Almost everyone has experienced an uncomfortable situation in a relationship where a problem caused a fracture of trust, respect, or closeness. One or both parties pull away due to the pain or confusion. But, God didn’t create us to live in isolation. There are times when we must move beyond boundaries, the need for self-protection, and seek reconciliation. But, how do you reconnect with someone after the connection has been broken? How do you face each other and have “the talk”?
Here’s a good rule of thumb: Let’s imagine you have taken some relational risks over time, and the person has been warm and open with you in response. For instance, you might have admitted that you don’t have a perfect life, acknowledged present and past struggles, or named some of your own insecurities and weaknesses. It’s important to go slowly with these disclosures and not get too descriptive too quickly. You’re just seeing how the other person responds.
If the person steps back, is uncomfortable, or shows that problems and struggles aren’t something he can deal with, it may not be the right time. Or, you may simply have been too disclosing for the stage the relationship is in. “The talk” is a way to see whether the other person’s level of interest matches your own and to be clear on how the two of you can enjoy the relationship, open up to each other, and understand any difficulties.
Beyond Boundaries: How to Have “The Talk”
The talk has several aspects to it that create a structure and an agenda. You are the one who is taking the initiative, because you want to make sure things are as clear as possible between you. As you go over these, think about your own individual situation and fit it into the structure.
1. State What You Value and Desire
The first part of the talk is to be direct and vulnerable about the fact that the person is important to you. You value him. She is important to you. This is an essential first step for every kind of relationship — romantic, family, friend, or colleague. You would not be having a talk if the person didn’t matter to you. When you affirm what you value in the relationship, you communicate that the relationship is significant, and you want the two of you to discuss it. Here are some examples of value statements:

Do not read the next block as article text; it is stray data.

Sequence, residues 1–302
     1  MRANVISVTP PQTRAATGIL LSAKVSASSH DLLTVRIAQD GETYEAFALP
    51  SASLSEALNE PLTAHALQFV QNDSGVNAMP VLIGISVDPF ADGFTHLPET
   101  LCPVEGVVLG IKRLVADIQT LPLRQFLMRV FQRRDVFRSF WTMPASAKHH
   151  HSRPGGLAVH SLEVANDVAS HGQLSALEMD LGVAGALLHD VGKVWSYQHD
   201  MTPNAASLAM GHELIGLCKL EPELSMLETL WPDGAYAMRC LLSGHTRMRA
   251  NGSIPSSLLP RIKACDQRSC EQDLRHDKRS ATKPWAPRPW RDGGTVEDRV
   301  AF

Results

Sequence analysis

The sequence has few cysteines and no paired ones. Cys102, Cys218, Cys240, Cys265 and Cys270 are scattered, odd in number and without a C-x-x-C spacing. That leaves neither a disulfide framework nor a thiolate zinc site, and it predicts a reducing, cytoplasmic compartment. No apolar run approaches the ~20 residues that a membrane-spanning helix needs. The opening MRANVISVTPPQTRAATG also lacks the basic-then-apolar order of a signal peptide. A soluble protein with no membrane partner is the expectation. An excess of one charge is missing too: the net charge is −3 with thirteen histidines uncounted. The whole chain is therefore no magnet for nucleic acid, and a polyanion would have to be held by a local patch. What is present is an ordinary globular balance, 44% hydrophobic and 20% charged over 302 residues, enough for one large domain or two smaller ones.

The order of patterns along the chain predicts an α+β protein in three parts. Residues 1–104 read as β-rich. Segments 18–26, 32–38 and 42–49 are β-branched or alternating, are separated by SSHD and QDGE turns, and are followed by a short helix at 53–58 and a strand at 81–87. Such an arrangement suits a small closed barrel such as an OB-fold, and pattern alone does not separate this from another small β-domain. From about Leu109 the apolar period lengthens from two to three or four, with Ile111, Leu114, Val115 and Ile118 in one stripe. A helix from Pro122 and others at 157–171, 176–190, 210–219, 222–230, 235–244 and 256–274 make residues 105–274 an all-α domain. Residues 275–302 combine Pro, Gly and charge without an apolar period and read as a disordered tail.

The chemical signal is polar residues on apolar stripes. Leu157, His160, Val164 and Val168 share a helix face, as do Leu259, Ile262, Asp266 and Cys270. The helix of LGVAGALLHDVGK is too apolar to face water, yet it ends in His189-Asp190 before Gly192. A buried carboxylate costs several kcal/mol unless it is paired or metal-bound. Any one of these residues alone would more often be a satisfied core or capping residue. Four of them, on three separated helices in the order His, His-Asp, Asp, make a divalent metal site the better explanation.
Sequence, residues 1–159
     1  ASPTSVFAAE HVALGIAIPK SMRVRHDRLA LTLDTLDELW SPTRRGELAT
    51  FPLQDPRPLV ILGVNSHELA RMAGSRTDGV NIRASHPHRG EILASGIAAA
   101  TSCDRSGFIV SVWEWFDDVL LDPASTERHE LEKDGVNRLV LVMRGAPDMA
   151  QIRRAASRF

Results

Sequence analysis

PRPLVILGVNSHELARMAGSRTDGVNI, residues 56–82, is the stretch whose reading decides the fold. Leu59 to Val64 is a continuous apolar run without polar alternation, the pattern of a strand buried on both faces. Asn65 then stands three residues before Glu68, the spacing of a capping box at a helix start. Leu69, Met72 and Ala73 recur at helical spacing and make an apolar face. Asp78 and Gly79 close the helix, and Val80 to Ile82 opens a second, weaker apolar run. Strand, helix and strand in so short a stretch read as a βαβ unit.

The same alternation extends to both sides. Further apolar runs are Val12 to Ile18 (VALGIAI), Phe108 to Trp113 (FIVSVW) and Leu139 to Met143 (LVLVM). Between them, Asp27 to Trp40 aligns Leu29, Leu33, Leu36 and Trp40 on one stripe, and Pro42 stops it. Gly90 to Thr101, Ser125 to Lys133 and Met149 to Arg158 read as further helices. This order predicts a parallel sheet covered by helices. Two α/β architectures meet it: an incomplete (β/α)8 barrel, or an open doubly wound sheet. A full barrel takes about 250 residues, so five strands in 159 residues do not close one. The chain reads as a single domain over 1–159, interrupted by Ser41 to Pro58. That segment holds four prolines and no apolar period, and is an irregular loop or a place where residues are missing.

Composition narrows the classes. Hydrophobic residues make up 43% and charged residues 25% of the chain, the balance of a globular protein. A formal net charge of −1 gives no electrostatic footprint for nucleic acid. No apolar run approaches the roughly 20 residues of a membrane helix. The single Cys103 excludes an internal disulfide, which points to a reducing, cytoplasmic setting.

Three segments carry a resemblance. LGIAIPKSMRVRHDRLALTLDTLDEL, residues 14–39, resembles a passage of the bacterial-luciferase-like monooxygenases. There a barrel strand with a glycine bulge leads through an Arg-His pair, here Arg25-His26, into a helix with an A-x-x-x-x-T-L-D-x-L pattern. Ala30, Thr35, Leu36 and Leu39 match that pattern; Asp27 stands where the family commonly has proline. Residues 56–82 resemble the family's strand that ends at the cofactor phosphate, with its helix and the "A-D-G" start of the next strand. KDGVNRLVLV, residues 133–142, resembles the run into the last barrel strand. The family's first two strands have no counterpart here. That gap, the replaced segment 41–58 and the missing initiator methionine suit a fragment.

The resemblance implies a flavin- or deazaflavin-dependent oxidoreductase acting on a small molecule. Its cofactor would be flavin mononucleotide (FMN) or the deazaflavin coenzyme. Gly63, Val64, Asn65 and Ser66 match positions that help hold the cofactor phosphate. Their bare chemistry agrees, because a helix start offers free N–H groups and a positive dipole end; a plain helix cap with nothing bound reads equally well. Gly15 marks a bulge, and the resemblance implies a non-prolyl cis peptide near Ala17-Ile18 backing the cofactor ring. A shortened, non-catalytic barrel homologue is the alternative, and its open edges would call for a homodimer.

- I care about you and this relationship.
- I appreciate the talent you bring to our company.
- Even though things have been rough, I am for us.
- You are a good friend to me.
- You matter to me a great deal.
- I love you.
- I value your contributions to our organizations, and like you as a friend as well.
Supposing the other person is interested and engaged, then what? The next step is to make a desire statement, to say what you want in the relationship. While value is about where you are now in your feelings for the person, desire is about the future. It has to do with the path ahead and what you would like to see. It may even be that you aren’t looking at any major shift, such as marriage or building a partnership. It may simply be that you want things to deepen between you because you see a lot of potential. Here are some examples of desire statements:
- I’d like to spend more time together.
- I’d like us to give it a go again.
- I’d like to get to know you better.
- I’d like to date you exclusively.
- I’d like for us to become more open and vulnerable with each other.
- I’d like to try the relationship again and reconcile our differences.
You really can’t predict someone’s response, and the other person is always free to say he or she doesn’t want to move ahead. If that is all that comes from the talk, you have still accomplished something good. The reality of the other person’s response tells you for certain where things are and aren’t. But supposing you get a green light…then what?
2. State Your Concern
The talk isn’t all wine and roses; it needs to acknowledge the thorns. You do this when you state your concerns about the relationship. Your concern about vulnerability and trust — because of previous relational wounds — must become part of the new relationship or the new season in an ongoing relationship. This is where you apply the brakes to the connection and let the other person know, from your own viewpoint, what has happened, the impact it had on you, and what you would like to avoid this time around.